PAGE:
Op-eds

A Friendly North American Initiative

by Gary Clyde Hufbauer, Peterson Institute for International Economics
and Jeffrey J. Schott, Peterson Institute for International Economics

Op-ed in the National Post (Canada)
January 29, 2004

© 2004, National Post

 


North American economic integration faces an immediate challenge. After Sept. 11, 2001, the United States imposed new security measures that made it costly and cumbersome to move goods and people across borders. They created a zone of uncertainty around investment in Canada and Mexico. The threat of another terrorist attack risks a new round of onerous controls on cross-border flows. Clearly, joint action by the three NAFTA partners is essential to minimize that danger.

Still, by most standards, NAFTA has been a great success for all three countries, contributing to unprecedented growth in regional trade and investment. During its first decade, trade among the NAFTA partners doubled to about $600 billion, and direct investment in Mexico soared four-fold. However, not all trade problems were resolved and not all companies and workers have benefited. Better efforts must be made to address adjustment problems in each country; otherwise, NAFTA will not receive the political support needed to inspire fresh initiatives in its second decade.

The NAFTA partners have already worked closely to address the security imperatives of the post-Sept. 11 world. Renewed attention to the NAFTA agenda could help pre-empt another unilateral U.S. response to future terrorist attacks. The challenge is to find the right combination of economic and security initiatives that will spur political leaders of all three countries to put NAFTA at the top of their priorities. That means addressing U.S. concerns about security and energy, Mexican concerns about its overall economic development and the plight of its migrants, and Canadian worries about disincentives to trade and investment. While Canadians might argue that many of these issues could be handled bilaterally with the United States, the requisite U.S. political support requires simultaneous attention to U.S.-Mexican problems.

On trade, the three countries should move towards a common external tariff. While some farm products likely would have to be excluded, harmonizing tariffs on third country imports would remove significant distortions in the North American markets. The task is complicated because each NAFTA partner has free trade agreements with different third countries, but this is a technical hurdle, not an insurmountable obstacle.

For the United States, faster Mexican economic growth is critical to strengthening security on its southern border, while deeper co-operation with Canada on border-security initiatives is essential to ensure the efficient flow of goods and people. Mexico's economic prospects depend first and foremost on Mexican energy reforms. Foreign investment in that sector has been practically barred for the past seven decades. This should be a stand-alone priority for Mexico, but political realities require U.S. attention to the plight of Mexican migrants in the United States as an unstated quid pro quo. On migrant issues, U.S. President George Bush made a bold start with his call to regularize the status of illegal immigrants residing and working in the United States. Mexican leaders now need to show equivalent leadership on energy issues.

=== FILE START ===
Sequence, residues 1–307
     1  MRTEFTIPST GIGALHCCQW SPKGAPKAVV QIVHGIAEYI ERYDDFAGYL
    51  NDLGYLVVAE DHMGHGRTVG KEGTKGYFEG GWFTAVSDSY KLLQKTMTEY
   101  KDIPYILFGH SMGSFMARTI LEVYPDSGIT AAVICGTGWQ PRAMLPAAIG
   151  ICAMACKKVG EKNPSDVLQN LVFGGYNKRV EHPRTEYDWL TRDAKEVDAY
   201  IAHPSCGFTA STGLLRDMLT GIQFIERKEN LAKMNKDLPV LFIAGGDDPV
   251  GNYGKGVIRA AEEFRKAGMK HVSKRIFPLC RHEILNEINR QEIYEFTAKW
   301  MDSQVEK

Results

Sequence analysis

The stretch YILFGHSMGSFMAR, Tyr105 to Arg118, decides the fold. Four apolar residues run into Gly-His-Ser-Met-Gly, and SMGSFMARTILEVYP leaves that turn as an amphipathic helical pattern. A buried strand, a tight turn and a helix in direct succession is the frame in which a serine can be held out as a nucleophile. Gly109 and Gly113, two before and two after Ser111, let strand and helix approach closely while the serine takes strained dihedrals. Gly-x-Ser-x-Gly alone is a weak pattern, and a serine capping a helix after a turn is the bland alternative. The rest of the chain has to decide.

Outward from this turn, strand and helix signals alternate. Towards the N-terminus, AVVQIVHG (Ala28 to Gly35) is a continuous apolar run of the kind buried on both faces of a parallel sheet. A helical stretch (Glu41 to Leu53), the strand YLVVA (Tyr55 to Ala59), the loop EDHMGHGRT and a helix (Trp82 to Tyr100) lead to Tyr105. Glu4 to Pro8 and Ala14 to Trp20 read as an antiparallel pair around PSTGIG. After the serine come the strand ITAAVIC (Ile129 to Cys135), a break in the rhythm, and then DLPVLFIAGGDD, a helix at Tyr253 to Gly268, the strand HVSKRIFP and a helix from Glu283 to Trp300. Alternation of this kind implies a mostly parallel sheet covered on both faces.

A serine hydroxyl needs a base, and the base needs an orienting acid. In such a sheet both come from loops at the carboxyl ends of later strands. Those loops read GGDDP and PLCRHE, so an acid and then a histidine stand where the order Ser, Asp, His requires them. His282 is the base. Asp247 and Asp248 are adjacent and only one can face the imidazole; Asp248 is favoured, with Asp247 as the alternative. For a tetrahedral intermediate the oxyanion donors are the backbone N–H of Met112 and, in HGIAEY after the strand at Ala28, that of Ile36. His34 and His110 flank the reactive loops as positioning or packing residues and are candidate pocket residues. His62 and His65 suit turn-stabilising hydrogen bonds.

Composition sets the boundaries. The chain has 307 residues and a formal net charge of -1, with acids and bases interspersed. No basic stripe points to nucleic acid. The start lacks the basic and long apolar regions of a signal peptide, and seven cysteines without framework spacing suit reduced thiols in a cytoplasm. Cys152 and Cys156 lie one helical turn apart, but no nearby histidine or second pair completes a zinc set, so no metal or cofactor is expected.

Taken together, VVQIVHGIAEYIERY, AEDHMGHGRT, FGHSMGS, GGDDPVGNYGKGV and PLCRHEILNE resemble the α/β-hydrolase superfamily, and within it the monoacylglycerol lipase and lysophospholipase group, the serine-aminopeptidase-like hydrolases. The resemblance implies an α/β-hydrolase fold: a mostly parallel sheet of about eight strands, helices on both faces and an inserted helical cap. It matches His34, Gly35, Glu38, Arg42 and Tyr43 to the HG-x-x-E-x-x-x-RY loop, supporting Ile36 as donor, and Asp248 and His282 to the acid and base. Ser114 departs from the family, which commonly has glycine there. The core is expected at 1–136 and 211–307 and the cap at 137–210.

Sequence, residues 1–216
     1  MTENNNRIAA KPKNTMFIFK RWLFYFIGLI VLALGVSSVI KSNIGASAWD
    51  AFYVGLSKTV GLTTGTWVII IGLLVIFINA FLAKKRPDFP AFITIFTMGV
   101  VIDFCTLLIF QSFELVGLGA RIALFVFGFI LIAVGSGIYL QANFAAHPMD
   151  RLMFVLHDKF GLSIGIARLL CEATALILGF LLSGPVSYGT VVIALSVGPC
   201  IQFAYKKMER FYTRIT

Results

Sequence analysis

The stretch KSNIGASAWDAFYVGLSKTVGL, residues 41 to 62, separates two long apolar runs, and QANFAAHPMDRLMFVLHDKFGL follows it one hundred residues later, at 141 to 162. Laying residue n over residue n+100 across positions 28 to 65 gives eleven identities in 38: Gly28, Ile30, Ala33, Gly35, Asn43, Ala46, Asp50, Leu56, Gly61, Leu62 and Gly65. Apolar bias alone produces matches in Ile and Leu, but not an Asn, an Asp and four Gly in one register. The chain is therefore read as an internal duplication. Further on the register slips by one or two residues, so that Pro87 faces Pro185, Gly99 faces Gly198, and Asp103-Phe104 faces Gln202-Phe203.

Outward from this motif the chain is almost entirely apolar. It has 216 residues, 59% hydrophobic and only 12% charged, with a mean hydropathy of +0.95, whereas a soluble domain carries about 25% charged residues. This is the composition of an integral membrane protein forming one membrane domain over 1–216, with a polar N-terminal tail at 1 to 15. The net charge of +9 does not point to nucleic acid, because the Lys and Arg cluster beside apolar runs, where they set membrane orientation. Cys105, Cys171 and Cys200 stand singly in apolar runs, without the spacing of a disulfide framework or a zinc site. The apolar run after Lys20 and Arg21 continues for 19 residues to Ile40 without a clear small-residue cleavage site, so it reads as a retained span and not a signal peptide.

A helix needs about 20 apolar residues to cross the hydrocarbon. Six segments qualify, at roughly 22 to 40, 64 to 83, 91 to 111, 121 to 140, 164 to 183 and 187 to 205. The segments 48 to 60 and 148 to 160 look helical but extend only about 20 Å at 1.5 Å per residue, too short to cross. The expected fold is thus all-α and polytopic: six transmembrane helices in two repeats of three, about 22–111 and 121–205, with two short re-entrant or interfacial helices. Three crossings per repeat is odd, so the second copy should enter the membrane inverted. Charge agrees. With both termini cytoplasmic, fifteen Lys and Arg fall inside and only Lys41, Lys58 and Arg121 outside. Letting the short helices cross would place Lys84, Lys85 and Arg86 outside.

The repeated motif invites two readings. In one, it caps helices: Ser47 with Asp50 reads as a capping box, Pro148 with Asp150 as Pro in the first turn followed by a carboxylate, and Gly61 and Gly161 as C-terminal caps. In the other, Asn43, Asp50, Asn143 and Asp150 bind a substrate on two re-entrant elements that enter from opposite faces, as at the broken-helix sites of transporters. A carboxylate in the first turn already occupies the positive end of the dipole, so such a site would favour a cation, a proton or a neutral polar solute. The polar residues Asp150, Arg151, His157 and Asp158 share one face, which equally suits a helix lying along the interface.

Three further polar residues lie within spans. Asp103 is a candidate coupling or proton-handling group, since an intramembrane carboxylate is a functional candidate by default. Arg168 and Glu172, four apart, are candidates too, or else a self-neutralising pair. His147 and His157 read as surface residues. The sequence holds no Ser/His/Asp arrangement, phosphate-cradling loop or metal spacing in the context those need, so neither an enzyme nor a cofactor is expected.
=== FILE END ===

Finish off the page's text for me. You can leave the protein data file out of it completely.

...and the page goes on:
In that regard, the August 2003 blackout rekindled concerns over the adequacy of the regional electric grids and U.S. reliance on foreign sources of oil and gas. The U.S.-Canada energy infrastructure is reasonably integrated, but distribution of electricity and natural gas still faces obstacles. Working together in this area seems like a no-brainer, but the proposed projects are big and expensive, and politicians are vying for the spoils. Pure market forces, without the breath of government intervention, are seldom allowed unfettered play when it comes to major energy projects--neither in the United States nor Canada.

On migration, Ottawa, Washington and Mexico City can forge common visa standards for most non-NAFTA visitors and immigrants. This goal is highly significant from a security standpoint. For people arriving from outside the NAFTA region, the North American countries need a shared system for excluding non-NAFTA nationals who pose a security threat. NAFTA partners should create a special force to handle all third-country immigration controls at the first airport of entry into NAFTA space, and apply common document and biometric identification standards.

As with NAFTA, initiatives will have to come from Canada and Mexico—though not right away. The Bush administration will remain preoccupied with domestic politics, Iraq, and the war on terrorism through the U.S. election in November 2004. The window for NAFTA initiatives should open early in 2005. The U.S. president inaugurated in January 2005 could prove highly receptive to a friendly North American initiative—especially if trade-liberalization talks at the World Trade Organization and negotiations on a Free Trade of the Americas Accord stall, if the Middle East looks like a long and difficult slog, and if, by contrast, NAFTA promises concrete payoffs in terms of border and energy security.



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